Understanding The Defamation Act 2013

* Disclaimer: The following is based on internet research. I am not a legal expert, just an observer.

Authors, journalists, publishers, bloggers can be accused of defamation and there have been significant and extremely costly legal cases. A new law, The Defamation Act 2013 introduces a ‘serious harm’ threshold which may mean fewer cases will come to court by rebalancing the law by providing more effective freedom of speech.

So what is ‘defamation?’ 

Defamation is when you injure a person’s reputation; in legal speak, it’s when you “lower them in the estimation of the community or deter third persons from dealing with them.” It’s a false statement of fact. Only living people can sue for defamation; heirs cannot make a claim about a deceased relative’s reputation.

The allegedly defamed person must prove that he is identifiable to readers by the setting, physical description or other factors. Changing someone’s name and physical description is a good start, but it isn’t necessarily enough to prevent a lawsuit. Truth, however, is always a defense to a defamation charge. As long as you can prove your ex cheated on his taxes, he cannot sustain a defamation claim.

What if you don’t have proof? A defamation claim can be based only on something stated as fact—so, the good news is that your opinions are protected expression. That said, don’t think simply couching your accusation as opinion—“It’s my opinion that John Jones deals drugs,” or, “I believe Sara Smith embezzles from her employer”—is an easy cop out. Any such opinions need to be clearly relevant to your story, and should be supported with viable evidence or reasoning.

At the other end of the spectrum, if you self-publish without sales goals in mind—if your book reaches only, say, a few dozen people—then the bright side is that you probably won’t get sued.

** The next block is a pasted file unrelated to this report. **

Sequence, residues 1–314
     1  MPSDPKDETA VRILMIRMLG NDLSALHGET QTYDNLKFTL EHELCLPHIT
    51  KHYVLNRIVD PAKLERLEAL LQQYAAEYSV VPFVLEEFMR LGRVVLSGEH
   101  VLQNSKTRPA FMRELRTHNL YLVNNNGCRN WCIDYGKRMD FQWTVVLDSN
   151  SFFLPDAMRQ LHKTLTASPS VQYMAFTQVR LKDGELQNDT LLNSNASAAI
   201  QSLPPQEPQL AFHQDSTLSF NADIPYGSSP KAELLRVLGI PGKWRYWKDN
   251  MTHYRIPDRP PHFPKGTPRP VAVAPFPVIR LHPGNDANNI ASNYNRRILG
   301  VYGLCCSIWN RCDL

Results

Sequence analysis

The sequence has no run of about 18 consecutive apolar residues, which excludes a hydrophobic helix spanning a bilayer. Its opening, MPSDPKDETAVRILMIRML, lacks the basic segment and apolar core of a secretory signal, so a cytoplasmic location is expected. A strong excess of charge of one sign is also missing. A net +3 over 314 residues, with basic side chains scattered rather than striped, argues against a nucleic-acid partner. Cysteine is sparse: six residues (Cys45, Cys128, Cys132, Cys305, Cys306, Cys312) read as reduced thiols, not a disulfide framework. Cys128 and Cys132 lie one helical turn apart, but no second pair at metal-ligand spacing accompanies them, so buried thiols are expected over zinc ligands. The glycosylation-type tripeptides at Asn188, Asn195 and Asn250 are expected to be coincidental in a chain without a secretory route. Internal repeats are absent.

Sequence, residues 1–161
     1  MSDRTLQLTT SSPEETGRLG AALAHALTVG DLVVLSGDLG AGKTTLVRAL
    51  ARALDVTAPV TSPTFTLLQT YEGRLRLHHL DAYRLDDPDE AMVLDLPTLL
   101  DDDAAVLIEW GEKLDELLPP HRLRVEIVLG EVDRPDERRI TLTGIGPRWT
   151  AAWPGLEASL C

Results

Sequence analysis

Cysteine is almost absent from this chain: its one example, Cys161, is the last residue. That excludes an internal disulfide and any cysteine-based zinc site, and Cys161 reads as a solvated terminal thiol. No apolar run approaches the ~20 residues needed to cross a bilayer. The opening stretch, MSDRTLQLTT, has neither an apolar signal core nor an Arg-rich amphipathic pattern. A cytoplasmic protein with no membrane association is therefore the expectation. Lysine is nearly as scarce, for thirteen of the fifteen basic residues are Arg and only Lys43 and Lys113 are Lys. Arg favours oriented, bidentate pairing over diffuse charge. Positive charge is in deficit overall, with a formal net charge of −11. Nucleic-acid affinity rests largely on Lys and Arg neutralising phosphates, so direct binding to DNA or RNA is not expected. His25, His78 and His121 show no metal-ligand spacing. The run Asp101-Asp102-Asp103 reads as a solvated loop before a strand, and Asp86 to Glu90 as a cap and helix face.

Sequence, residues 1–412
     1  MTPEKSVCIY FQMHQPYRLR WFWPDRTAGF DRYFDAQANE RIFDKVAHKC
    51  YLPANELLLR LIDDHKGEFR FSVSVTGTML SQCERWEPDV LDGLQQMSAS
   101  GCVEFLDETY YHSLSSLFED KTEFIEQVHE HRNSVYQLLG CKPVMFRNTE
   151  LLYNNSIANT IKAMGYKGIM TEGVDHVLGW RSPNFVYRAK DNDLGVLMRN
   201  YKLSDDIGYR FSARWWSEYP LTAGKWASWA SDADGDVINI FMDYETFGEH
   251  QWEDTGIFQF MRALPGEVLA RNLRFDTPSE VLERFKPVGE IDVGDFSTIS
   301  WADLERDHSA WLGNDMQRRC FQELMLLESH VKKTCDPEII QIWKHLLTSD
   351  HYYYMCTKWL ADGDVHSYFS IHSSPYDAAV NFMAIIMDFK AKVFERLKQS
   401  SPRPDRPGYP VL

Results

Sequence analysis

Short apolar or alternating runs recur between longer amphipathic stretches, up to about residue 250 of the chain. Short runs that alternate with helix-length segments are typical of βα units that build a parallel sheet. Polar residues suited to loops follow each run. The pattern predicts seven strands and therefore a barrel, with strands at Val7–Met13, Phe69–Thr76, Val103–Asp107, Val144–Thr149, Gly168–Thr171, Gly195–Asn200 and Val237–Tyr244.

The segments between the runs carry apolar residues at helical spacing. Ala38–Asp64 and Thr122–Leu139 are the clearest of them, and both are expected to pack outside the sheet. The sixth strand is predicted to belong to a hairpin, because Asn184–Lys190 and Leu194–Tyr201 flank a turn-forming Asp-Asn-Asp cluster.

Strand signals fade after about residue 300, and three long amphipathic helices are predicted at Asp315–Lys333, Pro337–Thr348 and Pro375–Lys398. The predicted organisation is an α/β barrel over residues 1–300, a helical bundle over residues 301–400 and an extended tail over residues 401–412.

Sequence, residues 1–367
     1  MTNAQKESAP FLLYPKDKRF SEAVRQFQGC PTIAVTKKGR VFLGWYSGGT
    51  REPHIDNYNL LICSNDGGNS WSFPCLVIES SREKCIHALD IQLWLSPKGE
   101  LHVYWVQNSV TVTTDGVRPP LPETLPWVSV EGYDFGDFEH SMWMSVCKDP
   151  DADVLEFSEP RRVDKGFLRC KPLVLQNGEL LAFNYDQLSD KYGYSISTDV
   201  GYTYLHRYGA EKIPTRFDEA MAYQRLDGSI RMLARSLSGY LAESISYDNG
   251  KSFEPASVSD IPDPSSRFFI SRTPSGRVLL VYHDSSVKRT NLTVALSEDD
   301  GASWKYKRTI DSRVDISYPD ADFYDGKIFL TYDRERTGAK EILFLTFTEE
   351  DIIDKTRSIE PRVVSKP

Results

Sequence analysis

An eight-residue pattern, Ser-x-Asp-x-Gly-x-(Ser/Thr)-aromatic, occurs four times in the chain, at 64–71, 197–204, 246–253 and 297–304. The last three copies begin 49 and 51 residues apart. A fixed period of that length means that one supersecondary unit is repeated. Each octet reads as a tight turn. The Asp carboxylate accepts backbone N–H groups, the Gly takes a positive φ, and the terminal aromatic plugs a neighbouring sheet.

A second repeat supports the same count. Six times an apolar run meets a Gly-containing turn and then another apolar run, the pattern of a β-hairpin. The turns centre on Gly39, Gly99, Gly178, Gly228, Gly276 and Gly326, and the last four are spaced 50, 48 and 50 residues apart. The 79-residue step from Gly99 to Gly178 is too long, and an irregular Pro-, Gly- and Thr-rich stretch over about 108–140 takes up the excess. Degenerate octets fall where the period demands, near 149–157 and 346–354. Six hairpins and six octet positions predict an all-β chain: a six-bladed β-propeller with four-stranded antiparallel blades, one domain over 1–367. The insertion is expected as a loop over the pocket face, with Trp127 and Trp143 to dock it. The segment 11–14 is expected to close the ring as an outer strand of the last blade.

At the front of your book you can include a disclaimer: “This work is loosely based on actual events. Any resemblance to persons living or dead is purely coincidental.”

What is The Defamation Act 2013?

Under the Defamation Act, a statement can be said to be defamatory if its publication “caused or is likely to cause serious harm” to individuals’ or businesses’ reputation. However, only if businesses have suffered, or are likely to suffer, “serious financial loss”, can they bring a claim of defamation against commentators by requiring claimants to show actual or probable serious harm (which for-profit bodies is restricted to serious financial loss), before suing for defamation in England or Wales,

The Defamation Act 2013 applies to causes of action occurring after its commencement on 1 January 2014;[5] old libel law will therefore still apply to many 2014 – 2015 defamation cases where the events complained of took place before commencement.

The Act introduces a ‘serious harm’ threshold